We were college kids in the late 1960s, an eight-pack of Californians away from home for the first time.
Ken, Randy, Pat and Doug, roommates at Fresno State. Valita, Peggy, Linda and Kim, our girlfriends.
Almost five decades later, we remain friends, Facebook and otherwise. We are spouses, parents, and grandparents. Retired, and sometimes just tired.
Along with family and good health, friendships are our most precious joys. Friendships that last five decades are extremely precious. I know people in my church who have attended for about 50 years. At one time in my life, l could not fathom that. Now, in my 70s, I can appreciate it.
My family has been living in Selma for about three dozen years, longer than we have lived anywhere. A town I once looked at as another way station in our lives, has become our permanent home. Our neighborhood north of Selma High is so quiet we can hear the train from a mile away.
I was reminded of all this when Pat and Linda visited us a couple weeks ago. Pat grew up in Merced and Linda in Oakhurst; they have made a longtime home in Grass Valley (Nevada County). Their three daughters are geographically spread out, and when Linda and Pat visit the grandkids on SoCal they sometimes stay with us.
It’s an easy visit, we are all so compatible. After all, we have 50 years of friendship behind us.
Grass Valley is a sprawling Gold Country mountain town of about 12,900. Pat and Linda lived in Reedley right after college, their first jobs. So small towns are nothing new to them.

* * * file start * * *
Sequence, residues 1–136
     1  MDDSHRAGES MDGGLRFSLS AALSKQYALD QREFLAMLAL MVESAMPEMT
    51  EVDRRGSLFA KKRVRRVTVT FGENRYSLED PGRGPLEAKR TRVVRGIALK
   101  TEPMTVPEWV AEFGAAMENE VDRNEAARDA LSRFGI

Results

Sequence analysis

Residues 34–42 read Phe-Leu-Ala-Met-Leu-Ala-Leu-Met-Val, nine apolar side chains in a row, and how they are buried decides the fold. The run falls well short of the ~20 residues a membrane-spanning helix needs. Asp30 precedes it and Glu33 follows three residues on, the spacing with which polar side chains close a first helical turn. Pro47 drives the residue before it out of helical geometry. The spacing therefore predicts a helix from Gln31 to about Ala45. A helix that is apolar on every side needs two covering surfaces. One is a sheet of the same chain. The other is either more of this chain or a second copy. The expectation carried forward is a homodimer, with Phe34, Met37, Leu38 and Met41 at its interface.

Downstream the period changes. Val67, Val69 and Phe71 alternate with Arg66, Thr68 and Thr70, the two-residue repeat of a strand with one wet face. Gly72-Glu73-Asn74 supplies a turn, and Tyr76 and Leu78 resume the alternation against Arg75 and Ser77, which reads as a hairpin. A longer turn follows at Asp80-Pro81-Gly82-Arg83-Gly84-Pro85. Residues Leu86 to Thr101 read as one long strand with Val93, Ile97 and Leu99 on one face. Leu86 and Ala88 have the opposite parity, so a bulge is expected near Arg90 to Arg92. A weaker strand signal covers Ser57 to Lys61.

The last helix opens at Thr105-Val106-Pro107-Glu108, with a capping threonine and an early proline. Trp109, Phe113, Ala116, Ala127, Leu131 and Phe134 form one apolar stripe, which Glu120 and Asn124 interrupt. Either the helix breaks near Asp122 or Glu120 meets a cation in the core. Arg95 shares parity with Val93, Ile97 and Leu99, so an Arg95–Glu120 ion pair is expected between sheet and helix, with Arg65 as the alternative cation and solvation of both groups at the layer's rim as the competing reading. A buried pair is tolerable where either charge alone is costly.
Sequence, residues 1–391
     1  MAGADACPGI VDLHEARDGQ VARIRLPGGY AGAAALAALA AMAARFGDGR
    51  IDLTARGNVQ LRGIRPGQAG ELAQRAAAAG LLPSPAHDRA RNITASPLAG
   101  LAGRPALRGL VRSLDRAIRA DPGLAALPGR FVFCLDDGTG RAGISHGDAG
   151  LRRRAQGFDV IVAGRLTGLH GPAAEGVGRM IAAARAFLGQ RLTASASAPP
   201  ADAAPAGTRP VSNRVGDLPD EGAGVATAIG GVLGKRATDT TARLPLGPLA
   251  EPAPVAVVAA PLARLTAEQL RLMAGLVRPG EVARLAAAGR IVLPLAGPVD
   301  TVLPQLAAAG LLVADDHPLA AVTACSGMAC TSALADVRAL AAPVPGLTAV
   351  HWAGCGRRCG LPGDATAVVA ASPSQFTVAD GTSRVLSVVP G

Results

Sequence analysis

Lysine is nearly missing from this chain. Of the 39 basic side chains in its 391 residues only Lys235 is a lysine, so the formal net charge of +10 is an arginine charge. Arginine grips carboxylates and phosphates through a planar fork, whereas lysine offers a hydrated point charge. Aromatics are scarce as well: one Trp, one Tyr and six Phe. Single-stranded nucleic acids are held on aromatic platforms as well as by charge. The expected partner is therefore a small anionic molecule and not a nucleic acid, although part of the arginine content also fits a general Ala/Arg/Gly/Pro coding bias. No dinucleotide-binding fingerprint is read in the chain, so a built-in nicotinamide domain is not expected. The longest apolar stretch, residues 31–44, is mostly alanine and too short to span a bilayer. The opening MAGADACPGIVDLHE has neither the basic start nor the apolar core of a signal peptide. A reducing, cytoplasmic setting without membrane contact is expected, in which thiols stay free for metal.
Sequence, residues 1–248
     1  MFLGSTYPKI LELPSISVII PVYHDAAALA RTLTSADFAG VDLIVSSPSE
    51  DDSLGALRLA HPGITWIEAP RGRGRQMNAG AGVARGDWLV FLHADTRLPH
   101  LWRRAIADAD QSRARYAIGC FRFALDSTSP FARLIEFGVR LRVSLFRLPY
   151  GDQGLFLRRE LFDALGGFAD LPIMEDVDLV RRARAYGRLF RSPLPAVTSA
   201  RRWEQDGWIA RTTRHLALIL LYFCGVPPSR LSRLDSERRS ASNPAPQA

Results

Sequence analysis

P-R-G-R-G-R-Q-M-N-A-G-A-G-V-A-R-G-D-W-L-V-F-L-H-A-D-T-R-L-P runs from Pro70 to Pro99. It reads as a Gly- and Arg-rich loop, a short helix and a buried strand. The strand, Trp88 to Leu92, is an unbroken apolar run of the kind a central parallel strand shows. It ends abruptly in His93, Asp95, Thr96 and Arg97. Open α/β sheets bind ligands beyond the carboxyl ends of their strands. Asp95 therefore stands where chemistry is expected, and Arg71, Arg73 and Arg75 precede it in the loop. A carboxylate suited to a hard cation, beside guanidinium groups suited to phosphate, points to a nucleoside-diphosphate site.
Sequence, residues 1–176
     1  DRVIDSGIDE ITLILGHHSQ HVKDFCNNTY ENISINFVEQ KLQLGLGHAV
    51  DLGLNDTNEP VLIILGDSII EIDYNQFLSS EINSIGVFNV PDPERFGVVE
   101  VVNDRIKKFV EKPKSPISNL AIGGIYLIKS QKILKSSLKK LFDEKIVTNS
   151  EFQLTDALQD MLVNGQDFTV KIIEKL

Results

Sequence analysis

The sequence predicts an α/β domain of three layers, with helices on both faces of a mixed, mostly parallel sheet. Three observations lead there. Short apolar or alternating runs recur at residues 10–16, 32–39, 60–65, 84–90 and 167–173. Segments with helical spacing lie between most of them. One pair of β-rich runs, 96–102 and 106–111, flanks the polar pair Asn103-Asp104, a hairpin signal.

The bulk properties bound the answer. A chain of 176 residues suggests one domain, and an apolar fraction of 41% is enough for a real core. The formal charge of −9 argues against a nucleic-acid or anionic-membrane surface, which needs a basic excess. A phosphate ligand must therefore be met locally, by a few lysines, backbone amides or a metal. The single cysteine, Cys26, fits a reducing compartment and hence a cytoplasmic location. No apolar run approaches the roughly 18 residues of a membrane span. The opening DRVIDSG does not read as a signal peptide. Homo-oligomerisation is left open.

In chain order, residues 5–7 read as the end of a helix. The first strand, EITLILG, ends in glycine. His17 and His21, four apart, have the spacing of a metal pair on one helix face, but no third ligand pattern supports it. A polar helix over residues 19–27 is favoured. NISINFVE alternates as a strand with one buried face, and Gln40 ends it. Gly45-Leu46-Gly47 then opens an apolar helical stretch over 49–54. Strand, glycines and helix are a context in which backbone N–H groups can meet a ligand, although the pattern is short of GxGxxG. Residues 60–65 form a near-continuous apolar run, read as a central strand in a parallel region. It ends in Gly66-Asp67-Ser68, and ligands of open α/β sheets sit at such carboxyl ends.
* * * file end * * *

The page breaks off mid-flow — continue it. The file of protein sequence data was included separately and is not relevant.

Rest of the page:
Our visits usually include a meal somewhere in downtown Selma and a drive into the countryside.
This time, we headed east along the blossom trail on Dinuba Avenue into Reedley, then back into Selma on Rose Avenue. We checked out the downtown murals and Arts Center, had dinner at G’s, then dessert back at our house.
We love showing off Selma and its environs to friends and family. My siblings and their families have been driving up from Southern California every President’s Weekend to celebrate the birthdays of our father, who passed last May at 95. Jim Robison grew up in pre-WWII Los Angeles and spent most of his post-WWII adulthood in the SoCal suburbs before moving to Selma’s Bethel Home Village in 2006. He often told me it was the best place he could have spent those final 10 years of his life.
Last month, the families again made the trek from SoCal to Selma, lured by the memories of Dad and, I believe, their fondness for our Valley.
Sure, Selma has its share of issues and growing pains. But we have some smart people working on those issues.
Downtown Selma is a mix of buildings old, middle-aged and modern (the Arts Center), partly drab and partly colorful (oh, those murals!). Traffic can dive me crazy when schools let out or a train rolls through, and I’ve seen more stoplights installed in the past 30-plus years. Shopping and dining offerings are both national chains, local bistros, and mom/pop shops. I suspect we have more car dealers than most cities our size.
We have parks that offer rest and recreation for families, kids and athletes young (ball fields) and old (Pickleball courts).
We root for our Bears, as well as the Giants, Dodgers, Niners, and Raiders. Fresno State gear is a popular clothing theme. Our kids play youth football, baseball, basketball, soccer, and wrestling. They sing and dance and act and play music and excel academically.
We have a thriving arts scene that keeps getting better.
Mostly we are working-class folk, not too rich, not too poor. Our neighborhoods are ethnically mixed. We park vehicles old, middle-aged and new in garages, driveways, and curbside.
Selmans aren’t afraid to spout our opinions, whether at social gatherings, on social media or at governmental meetings. We worship with our brothers and sisters who share our faith values.
We have seen some of our friends and neighbors move away, but we stay because this is our home.
And we are proud to show it off to Pat and Linda and anyone else who drops in.
My name is Ken and I am bullish on Selma.